KIANDRA HISTORICAL SOCIETY
THE SCANDALOUS BEHAVIOUR OF
The behaviour of Gold Commissioner Frederick Cooper at the Kiandra and Crack-em-back gold fields was the subject of numerous complaints, almost from the time he took up duty as a Sub-Commisioner in Kiandra in 1860. This included a claim that while at the Thredbo (Crack-em-back) diggings:
Cooper, from a wealthy Sydney family, was only 26 at the time he took up his Kiandra post, having unexpectedly resigned his seat in the New South Wales Parliament. It was suggested he left to avoid a scandal, as a result of his drinking and allegedly outrageous behaviour. Previously, while at Sydney University, he had been the first undergraduate to be expelled.
A letter, published in the Alpine Pioneer (Kiandra’s Goldfields Newspaper) on 12 October 1860, made the following points.
More serious claims of bias against Cooper were raised by Samuel Hawkins in a letter to the Sydney Morning Herald published in 17 August 1861, headed “JUSTICE ON THE GOLD FIELDS.” It began as follows.
Hawkins then documented a series of allegations of bias and mistreatment meted out to him and his partners in the Homeward Bound Claim at New Chum Hill. This included the following instance:
Hawkins’ letter writing did his cause no good, as he was immediately summonsed by Cooper, and summarily fined. During the hearing of this case, which was heard at a local hotel, Hawkins claimed he was given no opportunity to call witnesses for his case, and that he was assaulted by “ruffians” sympathetic to the Commissioner.
Following this incident Hawkins continued to pursue his grievances against Cooper. Eventually, on 12 November 1861, Commissioner Cloete recommended that Mr James Harrop Griffin, his replacement as Commissioner in Charge of the Southern Goldfields, visit Kiandra to investigate Hawkins’ claims. By this time a number of other grievances against Cooper had been raised by miners.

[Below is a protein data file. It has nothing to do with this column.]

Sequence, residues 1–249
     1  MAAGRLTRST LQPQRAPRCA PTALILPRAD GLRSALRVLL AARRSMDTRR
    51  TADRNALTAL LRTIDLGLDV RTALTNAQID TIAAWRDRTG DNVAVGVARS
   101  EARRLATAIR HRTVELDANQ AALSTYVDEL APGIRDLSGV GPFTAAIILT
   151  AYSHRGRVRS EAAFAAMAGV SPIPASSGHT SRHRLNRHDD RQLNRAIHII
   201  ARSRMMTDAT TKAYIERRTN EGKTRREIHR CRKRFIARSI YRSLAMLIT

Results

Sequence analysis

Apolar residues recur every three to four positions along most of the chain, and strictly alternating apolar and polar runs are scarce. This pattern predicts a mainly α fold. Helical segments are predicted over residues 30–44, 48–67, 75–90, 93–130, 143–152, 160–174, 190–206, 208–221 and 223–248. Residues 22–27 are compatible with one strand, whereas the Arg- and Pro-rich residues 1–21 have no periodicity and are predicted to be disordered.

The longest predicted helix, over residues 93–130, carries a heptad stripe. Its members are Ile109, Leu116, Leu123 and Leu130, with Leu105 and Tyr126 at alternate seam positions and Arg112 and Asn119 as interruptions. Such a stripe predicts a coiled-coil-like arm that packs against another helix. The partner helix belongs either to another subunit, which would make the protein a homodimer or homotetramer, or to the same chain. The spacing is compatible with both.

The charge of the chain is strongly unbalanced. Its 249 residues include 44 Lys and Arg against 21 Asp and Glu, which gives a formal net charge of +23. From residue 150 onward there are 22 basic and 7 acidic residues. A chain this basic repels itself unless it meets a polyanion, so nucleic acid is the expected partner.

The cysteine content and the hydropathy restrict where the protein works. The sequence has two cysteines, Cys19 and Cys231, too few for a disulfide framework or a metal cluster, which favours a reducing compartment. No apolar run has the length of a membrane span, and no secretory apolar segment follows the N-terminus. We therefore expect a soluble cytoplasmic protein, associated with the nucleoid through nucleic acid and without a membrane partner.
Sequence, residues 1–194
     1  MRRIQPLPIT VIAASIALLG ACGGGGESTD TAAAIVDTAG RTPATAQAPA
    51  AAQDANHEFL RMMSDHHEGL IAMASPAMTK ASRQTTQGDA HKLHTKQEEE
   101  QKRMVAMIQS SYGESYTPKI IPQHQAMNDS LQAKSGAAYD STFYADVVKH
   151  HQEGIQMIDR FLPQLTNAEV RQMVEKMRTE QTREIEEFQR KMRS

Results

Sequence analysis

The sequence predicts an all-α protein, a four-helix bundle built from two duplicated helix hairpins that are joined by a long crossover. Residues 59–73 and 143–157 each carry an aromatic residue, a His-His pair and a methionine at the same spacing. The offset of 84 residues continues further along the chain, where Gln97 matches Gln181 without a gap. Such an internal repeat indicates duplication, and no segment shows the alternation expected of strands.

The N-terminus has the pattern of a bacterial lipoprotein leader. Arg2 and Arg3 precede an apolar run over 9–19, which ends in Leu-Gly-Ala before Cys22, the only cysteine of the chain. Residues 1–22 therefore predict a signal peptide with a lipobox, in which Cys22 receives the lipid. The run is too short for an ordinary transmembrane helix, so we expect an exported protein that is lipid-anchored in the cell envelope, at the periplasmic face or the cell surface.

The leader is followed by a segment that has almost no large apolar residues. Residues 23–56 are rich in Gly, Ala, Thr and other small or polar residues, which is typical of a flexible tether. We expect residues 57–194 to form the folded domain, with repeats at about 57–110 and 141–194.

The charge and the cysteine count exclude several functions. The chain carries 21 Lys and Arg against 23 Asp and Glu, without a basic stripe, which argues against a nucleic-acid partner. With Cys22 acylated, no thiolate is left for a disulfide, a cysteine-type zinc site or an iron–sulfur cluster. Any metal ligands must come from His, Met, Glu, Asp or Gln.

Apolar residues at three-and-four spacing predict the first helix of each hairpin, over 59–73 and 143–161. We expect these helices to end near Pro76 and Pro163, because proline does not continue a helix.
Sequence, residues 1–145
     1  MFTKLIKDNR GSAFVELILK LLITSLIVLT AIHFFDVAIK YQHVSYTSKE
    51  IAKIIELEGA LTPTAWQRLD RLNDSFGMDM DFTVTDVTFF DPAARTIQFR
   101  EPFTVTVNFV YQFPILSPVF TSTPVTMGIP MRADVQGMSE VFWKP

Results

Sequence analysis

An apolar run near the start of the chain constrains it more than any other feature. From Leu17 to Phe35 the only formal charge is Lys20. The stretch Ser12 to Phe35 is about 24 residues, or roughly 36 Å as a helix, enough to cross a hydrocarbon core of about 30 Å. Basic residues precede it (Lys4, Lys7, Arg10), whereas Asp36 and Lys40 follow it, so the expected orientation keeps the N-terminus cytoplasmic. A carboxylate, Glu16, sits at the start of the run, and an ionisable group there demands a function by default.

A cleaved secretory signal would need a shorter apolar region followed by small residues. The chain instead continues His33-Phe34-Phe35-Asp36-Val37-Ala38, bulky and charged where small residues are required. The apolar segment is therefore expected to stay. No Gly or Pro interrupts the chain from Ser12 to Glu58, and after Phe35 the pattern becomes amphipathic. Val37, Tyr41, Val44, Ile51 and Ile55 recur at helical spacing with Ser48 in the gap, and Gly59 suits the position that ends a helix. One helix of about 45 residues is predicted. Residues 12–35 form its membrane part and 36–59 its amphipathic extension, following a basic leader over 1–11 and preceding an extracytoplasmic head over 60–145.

In January 1862 Commissioner Griffin visited Kiandra to conduct an Inquiry into the charges against Cooper. He refused a request by Mr G B Barton, the barrister representing Hawkins, to make attendance by witnesses compulsory. Not surprisingly, many witnesses were not available. Numbers of those who attended swore that Kiandra was an orderly place and that they were unaware of anything untoward in Mr Cooper’s behaviour. In particular Michael Bourke denied being the leader of the “Irish Mob” and denied saying he would swear to anything for Cooper, although he did accept he was known in the street as “the Commissioner’s tool.”
During the Inquiry a police witness (Constable Newman) gave evidence that Cooper had told the police to turn a blind eye while Hawkins was given a hiding (A link to the full text of Newman’s charges follows at the end of this entry). Other evidence was heard that Cooper had given orders for Mr Cohen (a Kiandra jeweller) and Mr Dixon, the Editor of the Monaro Mercury, to be beaten.
Despite all this evidence, and statements from three other complainants in addition to Hawkins, Griffin dismissed most of the charges against Cooper’s actions as “mere assertions, without proof.” In only one case did he censure Cooper, that involving the arrest of W A MacDonogh and his subsequent imprisonment as a vagrant for not being able to produce his Miner’s Right. Griffin said this action was, “if not entirely illegal – improper, harsh and uncalled for.”
He presented the results of his Inquiry in a memorandum.
Hawkins was not satisfied with the outcome of the Inquiry and continued to press his grievances. In May 1862 he petitioned the New South Wales Government with a list of charges against Cooper drawn up by Mr Barton, seeking 800 pounds in compensation.
After the Griffin Inquiry Cooper was moved to a government post at Eden. No further charges were laid against him. In 1864 he was called to the bar in Sydney and Queensland. After practising in Queensland and New Zealand he was elected to the Queensland Parliament from 1879 until 1883. Hawkins was never paid any compensation.
The correspondence relating to Cooper, including the Inquiry papers, can be found in Volume 4 of the New South Wales Legislative Assembly Votes and Proceedings and Papers Ordered to be Printed During the Session of 1862
Note: Material on these pages prepared by Hugh Capel: firstname.lastname@example.org